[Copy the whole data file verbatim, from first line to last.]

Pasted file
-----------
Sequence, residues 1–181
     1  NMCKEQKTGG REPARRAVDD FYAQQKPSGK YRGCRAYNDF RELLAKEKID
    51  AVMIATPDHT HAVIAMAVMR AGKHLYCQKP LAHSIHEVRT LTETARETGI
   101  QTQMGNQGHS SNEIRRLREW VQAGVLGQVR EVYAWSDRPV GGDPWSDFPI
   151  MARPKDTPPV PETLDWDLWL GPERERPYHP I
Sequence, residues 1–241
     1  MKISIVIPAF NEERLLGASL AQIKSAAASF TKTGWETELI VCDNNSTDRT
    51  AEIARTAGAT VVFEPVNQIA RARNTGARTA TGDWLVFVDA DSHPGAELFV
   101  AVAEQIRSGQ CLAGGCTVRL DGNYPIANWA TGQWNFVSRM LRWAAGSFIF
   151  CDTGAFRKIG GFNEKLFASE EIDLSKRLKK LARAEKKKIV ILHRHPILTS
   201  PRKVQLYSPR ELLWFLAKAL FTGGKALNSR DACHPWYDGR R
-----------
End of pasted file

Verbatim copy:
Sequence, residues 1–181
     1  NMCKEQKTGG REPARRAVDD FYAQQKPSGK YRGCRAYNDF RELLAKEKID
    51  AVMIATPDHT HAVIAMAVMR AGKHLYCQKP LAHSIHEVRT LTETARETGI
   101  QTQMGNQGHS SNEIRRLREW VQAGVLGQVR EVYAWSDRPV GGDPWSDFPI
   151  MARPKDTPPV PETLDWDLWL GPERERPYHP I
Sequence, residues 1–241
     1  MKISIVIPAF NEERLLGASL AQIKSAAASF TKTGWETELI VCDNNSTDRT
    51  AEIARTAGAT VVFEPVNQIA RARNTGARTA TGDWLVFVDA DSHPGAELFV
   101  AVAEQIRSGQ CLAGGCTVRL DGNYPIANWA TGQWNFVSRM LRWAAGSFIF
   151  CDTGAFRKIG GFNEKLFASE EIDLSKRLKK LARAEKKKIV ILHRHPILTS
   201  PRKVQLYSPR ELLWFLAKAL FTGGKALNSR DACHPWYDGR R